Get Yourself an Order of “Moonlight Chicken”

Jim (Earth Pirapat) and Wen (Mix Sahaphap)

In continuing to fall down the Thai BL rabbit hole (and encourage others to do the same), it’s time to serve up a recommendation for Moonlight Chicken. The title sounds a little ridiculous, but the show delivers some fabulous writing, stellar acting, and varied stories of queer experience (though, admittedly, all presumably gay men).

Moonlight Chicken stars Earth Pirapat Watthanasetsiri and Mix Sahaphap Wongratch, whom you might recognize if you watched one of my previous recs, A Tale of Thousand Stars, as Jim (Earth) and Wen (Mix). Jim owns a failing diner called Moonlight Chicken. One night as he’s closing up, he finds Wen passed out drunk at a table and tries to send him home. But the two can’t ignore their attraction and end up having a steamy night together. Though Jim insists that it will only be one night, Wen refuses to give up on the possibility of more.

Their relationship is fraught with drama. Jim’s reluctance to enter into a relationship is due to his lingering trauma over his last relationship, which ended very badly. Despite being in a similar circumstance, Wen maintains his optimism about a potential new romance. However, that isn’t the only thing standing in their way. The building containing Jim’s diner is set to be demolished for a new construction project… and Wen has just been put in charge of it.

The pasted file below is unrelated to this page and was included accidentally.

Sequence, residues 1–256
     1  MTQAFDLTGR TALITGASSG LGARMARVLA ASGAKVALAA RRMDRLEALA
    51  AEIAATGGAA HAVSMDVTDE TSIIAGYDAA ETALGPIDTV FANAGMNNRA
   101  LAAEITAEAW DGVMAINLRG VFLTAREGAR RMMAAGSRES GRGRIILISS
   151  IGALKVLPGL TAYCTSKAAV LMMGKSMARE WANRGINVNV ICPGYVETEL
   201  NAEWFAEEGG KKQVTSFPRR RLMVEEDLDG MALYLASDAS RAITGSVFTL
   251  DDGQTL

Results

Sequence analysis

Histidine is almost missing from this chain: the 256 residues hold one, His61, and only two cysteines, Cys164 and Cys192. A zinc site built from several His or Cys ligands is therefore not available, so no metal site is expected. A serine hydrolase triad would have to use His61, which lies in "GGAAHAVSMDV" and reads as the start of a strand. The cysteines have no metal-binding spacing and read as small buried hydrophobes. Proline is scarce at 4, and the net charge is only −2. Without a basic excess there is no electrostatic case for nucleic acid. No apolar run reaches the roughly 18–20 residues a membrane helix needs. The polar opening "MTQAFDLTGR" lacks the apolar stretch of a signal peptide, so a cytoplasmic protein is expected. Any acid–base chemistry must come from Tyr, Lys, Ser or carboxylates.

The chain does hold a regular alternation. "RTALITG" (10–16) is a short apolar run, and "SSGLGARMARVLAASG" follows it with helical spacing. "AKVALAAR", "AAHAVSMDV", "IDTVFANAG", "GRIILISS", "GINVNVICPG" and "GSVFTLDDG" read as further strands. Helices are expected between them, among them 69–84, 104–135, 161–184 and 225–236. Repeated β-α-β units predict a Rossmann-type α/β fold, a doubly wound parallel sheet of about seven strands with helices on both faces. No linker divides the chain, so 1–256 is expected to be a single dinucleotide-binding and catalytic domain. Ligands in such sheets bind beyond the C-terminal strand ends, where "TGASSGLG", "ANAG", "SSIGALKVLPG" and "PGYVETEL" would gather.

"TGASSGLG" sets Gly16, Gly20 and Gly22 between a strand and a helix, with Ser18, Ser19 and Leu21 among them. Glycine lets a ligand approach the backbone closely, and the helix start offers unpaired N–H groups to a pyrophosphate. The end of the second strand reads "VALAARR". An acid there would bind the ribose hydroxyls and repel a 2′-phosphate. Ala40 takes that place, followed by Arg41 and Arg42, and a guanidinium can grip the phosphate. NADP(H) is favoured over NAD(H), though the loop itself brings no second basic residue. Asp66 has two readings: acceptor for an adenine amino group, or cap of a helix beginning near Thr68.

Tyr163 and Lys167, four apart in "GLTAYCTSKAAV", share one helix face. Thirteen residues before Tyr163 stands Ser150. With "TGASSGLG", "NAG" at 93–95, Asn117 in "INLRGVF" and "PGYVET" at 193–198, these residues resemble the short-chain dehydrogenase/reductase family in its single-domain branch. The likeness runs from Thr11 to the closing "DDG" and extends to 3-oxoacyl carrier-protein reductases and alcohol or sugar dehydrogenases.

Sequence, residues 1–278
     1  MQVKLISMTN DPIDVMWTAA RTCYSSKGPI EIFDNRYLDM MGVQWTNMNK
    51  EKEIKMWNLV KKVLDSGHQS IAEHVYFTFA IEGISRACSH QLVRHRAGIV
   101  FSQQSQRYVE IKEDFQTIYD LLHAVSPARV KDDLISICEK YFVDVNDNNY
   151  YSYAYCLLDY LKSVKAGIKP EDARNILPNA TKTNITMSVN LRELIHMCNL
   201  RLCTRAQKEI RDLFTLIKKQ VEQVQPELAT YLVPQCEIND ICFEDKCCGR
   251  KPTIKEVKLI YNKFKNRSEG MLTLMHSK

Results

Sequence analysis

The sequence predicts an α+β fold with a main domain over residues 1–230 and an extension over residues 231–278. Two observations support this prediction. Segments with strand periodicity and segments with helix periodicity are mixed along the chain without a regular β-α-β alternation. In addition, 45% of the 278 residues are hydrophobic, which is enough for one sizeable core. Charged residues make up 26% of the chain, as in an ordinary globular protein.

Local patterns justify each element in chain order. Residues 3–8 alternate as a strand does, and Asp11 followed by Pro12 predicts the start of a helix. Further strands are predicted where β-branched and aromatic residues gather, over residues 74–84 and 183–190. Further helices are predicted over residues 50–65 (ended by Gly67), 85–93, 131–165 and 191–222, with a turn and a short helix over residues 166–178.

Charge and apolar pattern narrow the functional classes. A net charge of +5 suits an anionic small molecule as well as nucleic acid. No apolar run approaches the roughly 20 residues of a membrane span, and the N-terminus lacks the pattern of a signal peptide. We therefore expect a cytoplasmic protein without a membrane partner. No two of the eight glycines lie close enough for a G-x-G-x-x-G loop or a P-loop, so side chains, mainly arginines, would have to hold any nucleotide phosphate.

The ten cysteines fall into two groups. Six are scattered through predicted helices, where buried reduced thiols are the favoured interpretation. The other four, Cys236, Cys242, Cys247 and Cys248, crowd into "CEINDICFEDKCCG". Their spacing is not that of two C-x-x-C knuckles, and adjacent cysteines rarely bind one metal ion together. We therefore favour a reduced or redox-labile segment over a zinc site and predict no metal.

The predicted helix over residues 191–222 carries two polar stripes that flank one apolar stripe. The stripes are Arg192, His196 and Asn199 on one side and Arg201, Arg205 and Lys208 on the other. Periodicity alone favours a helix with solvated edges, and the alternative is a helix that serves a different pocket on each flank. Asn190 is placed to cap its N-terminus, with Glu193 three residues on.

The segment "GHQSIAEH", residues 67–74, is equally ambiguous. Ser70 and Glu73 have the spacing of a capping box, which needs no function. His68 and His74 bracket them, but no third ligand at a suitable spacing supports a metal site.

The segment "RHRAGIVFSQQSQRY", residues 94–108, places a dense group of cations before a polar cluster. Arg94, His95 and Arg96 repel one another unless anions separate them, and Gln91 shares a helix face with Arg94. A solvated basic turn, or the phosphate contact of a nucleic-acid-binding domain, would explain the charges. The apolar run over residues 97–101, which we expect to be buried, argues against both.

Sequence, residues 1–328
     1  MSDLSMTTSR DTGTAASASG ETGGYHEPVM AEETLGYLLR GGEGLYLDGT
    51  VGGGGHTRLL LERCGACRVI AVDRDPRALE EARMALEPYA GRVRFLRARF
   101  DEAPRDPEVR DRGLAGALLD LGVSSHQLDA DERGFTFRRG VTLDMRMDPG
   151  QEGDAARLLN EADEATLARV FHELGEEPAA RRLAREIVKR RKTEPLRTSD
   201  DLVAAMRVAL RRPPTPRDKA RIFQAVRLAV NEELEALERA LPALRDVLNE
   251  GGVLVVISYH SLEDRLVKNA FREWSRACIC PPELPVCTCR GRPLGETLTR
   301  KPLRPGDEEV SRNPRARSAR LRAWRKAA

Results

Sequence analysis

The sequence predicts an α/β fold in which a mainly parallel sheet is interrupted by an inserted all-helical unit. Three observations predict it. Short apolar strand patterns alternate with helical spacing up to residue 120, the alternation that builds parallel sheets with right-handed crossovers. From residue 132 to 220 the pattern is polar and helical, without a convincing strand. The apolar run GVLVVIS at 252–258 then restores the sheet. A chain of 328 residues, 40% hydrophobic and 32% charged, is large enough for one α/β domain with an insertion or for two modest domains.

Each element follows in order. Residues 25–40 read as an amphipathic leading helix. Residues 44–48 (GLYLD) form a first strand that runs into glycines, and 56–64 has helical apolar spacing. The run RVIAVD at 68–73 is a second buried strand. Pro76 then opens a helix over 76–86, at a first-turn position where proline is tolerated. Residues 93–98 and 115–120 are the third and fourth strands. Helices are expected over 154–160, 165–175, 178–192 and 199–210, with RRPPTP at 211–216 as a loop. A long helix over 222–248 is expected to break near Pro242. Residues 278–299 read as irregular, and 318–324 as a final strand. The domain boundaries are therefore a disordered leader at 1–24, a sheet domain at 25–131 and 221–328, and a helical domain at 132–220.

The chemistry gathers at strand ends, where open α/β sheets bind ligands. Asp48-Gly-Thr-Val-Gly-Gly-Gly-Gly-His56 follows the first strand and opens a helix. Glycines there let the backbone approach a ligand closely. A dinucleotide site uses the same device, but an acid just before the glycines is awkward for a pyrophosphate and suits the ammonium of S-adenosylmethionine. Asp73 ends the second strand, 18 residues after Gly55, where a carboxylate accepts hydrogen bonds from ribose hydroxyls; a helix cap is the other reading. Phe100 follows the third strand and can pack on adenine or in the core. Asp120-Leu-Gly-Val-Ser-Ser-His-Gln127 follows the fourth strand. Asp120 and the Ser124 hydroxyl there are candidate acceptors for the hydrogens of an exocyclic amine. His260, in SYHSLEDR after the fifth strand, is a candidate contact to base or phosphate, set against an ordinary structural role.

I hesitate to characterize their relationship as messy, because it’s not, really. It’s an adult relationship beset with adult problems. I think what makes their dynamic so fascinating is how much effort Wen puts into wooing Jim. Ordinarily, that kind of persistence can come across as creepy and invasive. Jim is very upfront about his expectations, and Wen keeps trying to manufacture meet cutes to try and wear down his defenses. But Jim is also sending out some pretty serious mixed signals, so I can’t fault Wen for continuing to try. After all, if Jim isn’t turned off by the fact that Wen’s job is to literally tear down his life’s work…

I suspect that Wen’s primary motivation isn’t even necessarily coaxing Jim back into bed (though that’s definitely on his agenda). Wen has a penchant for adopting the local gays (his interactions with Li Ming and later Heart read very much like he’s thinking, “These are my sons now”), and so I’d wager that a big reason he keeps pursuing Jim is that he saw this sad, lonely man who has seemingly decided he doesn’t deserve to be happy and went, “well, that won’t do”. A lot of their scenes are about pulling Jim out of his sadness, about facing what happened in his past and moving forward.